The study was based on patients in Europe and North America in the Transcatheter Tricuspid Valve Therapies (TriValve) registry who underwent TTVI over a recent 2-year period. They received the MitraClip, but also FORMA, Cardioband, Trialign, PASCAL (all Edwards Lifesciences), TriCinch (4TECH), and NaviGate (NaviGate Cardiac Structures) devices.

Matched pairs were created from 268 TriValve patients and an equal number of patients from two large retrospective registries of patients in Europe and North America with at least moderate TR managed with medical therapy only. Matching was based on age, Euroscore II scores, and systolic pulmonary artery (PA) pressure.

Despite the matching, patients in the TTVI cohort from the matched pairs were more often men; had significantly more chronic AF, implanted devices with a lead positioned across the tricuspid valve, right ventricular dysfunction, and higher PA pressure; and had more advanced heart failure.

Mortality at 1 year was 22.6% for TTVI patients and 36.2% for medically managed patients (P = .0009) over a mean of 11 months. The HF rehospitalization rates were 26% and 47% (P < .0001), respectively.

One or both of those end points occurred in 32% and 49% of patients, respectively (= .0003), for a primary composite end point hazard ratio (HR) of 0.60 (95% CI, 0.46 - 0.79; = .003).

Because the matched pairs weren't always well matched for other potential confounders, Taramasso said, the analysis was adjusted further for sex, NYHA functional class, right ventricular function, AF, mitral regurgitation, and use of an implantable pacemaker or defibrillator.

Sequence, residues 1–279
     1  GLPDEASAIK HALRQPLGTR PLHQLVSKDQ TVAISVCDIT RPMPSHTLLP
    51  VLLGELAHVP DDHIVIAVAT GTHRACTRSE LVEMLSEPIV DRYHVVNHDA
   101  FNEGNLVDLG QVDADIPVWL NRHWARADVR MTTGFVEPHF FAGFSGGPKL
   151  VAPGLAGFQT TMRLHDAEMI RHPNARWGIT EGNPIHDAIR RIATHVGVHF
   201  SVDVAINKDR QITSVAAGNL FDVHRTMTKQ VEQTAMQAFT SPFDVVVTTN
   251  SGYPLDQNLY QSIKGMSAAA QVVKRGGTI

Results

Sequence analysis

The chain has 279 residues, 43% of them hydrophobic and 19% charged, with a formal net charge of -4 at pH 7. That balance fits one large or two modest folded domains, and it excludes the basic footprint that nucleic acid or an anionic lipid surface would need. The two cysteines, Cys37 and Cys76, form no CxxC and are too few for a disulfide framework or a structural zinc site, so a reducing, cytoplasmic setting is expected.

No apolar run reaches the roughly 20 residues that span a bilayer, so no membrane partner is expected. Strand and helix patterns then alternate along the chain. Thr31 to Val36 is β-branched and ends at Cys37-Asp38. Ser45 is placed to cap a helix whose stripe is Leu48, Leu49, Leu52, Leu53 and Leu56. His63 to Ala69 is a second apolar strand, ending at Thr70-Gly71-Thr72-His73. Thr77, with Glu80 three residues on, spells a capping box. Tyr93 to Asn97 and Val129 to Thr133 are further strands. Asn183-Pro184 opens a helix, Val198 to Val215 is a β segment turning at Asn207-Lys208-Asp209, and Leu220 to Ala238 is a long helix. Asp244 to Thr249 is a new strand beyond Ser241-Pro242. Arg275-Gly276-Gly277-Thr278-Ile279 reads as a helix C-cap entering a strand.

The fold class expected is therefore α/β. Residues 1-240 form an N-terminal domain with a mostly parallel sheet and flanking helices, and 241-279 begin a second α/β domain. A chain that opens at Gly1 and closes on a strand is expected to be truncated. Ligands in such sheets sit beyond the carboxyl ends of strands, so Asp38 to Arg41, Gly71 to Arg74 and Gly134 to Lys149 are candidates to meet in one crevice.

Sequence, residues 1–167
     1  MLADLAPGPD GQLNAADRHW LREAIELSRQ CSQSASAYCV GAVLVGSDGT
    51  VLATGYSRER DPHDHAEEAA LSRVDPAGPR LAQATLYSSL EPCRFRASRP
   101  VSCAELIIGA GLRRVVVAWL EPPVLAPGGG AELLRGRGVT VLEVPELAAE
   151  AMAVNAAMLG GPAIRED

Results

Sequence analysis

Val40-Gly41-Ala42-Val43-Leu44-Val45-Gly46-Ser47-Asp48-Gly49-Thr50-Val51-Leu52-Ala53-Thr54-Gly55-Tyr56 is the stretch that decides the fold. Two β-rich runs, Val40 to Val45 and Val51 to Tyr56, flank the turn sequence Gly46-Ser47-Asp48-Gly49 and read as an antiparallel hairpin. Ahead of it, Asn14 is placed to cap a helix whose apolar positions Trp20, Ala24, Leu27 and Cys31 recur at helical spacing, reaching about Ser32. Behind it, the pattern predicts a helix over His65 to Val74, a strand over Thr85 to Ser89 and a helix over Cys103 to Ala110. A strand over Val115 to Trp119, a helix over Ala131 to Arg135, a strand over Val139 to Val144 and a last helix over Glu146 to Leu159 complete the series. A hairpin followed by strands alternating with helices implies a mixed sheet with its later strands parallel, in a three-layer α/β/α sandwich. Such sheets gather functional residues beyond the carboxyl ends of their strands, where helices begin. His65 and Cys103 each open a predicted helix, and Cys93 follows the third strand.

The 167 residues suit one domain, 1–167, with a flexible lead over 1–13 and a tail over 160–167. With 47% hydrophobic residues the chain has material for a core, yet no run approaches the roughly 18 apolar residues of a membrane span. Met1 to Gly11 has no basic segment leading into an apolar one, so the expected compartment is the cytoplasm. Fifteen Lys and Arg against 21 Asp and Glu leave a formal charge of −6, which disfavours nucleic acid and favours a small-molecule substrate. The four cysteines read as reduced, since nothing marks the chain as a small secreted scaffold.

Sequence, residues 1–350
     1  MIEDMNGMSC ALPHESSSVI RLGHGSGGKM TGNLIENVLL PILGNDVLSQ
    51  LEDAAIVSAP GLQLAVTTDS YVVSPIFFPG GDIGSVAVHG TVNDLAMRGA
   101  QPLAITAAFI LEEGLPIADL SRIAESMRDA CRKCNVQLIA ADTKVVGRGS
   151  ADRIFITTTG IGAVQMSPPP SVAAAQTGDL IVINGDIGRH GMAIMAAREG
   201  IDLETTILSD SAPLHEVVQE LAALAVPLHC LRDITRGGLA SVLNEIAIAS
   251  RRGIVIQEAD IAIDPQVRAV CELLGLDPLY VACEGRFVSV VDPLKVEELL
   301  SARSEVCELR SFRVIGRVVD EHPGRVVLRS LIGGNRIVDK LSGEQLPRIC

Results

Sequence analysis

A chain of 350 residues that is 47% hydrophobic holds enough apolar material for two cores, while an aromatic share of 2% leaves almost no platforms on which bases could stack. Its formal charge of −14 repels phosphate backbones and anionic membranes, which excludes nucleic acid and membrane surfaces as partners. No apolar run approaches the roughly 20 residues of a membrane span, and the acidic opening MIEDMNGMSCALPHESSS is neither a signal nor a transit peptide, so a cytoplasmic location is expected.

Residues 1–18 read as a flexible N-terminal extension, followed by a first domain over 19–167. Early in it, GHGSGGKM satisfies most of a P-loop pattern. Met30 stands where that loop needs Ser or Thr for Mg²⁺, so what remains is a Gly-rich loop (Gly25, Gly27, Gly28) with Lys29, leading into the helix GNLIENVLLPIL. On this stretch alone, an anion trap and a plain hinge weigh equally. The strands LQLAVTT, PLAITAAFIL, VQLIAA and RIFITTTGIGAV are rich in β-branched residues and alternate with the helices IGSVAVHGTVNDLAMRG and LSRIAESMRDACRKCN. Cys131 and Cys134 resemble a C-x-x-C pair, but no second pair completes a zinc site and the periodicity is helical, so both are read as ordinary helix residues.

In that analysis, the primary end point HR was 0.35 (95% CI, 0.23 - 0.54; P < .0001), and HR for any-cause death was 0.38 (95% CI, 0.23 - 0.63; = .002).

That the TTVI half of the matched patient pairs were sicker than those medically managed may improve the study's strength, Ajay M. Kirtane, MD, Columbia University and New York-Presbyterian Hospital/Columbia University, New York City, said at a media briefing on the analysis.

Selection bias can be common in an observational study, he said; there can be questions about why a particular management strategy was chosen for individual patients, especially if the strategy under scrutiny involves an established device.

"With a mature technology, you worry sometimes with these comparisons that if you show a benefit of the technology, if might just be that the patients who weren't treated were sicker," Kirtane said. But the reverse was true here, so the findings are "more reassuring than otherwise."

The better outcomes in the sicker intervention group "is even further argument" in favor of TTVI over medical management in such patients, Taramasso agreed when speaking with theheart.org | Medscape Cardiology.

"Of course" there was some unavoidable selection bias, he said. But the different outcomes "all go in the same direction," and not only for symptomatic patients.

Taramasso discloses consulting for Abbott Vascular, Boston Scientific, 4TECH, and CoreMedic; and receiving speaker honoraria from Edwards Lifesciences. Bonow has previously disclosed no relevant financial relationships. Kirtane discloses receiving institutional funding from Medtronic, Boston Scientific Corporation, Abbott Vascular, Abiomed, CSI, CathWorks, Siemens, Philips, and ReCor Medical. 

J Am Coll Cardiol. Published online September 27, 2019. Abstract

Transcatheter Cardiovascular Therapeutics (TCT) 2019: Late Breaking Science 2. Presented September 27, 2019.

Follow Steve Stiles on Twitter: @SteveStiles2. For more from theheart.org | Medscape Cardiology, follow us on Twitter and Facebook.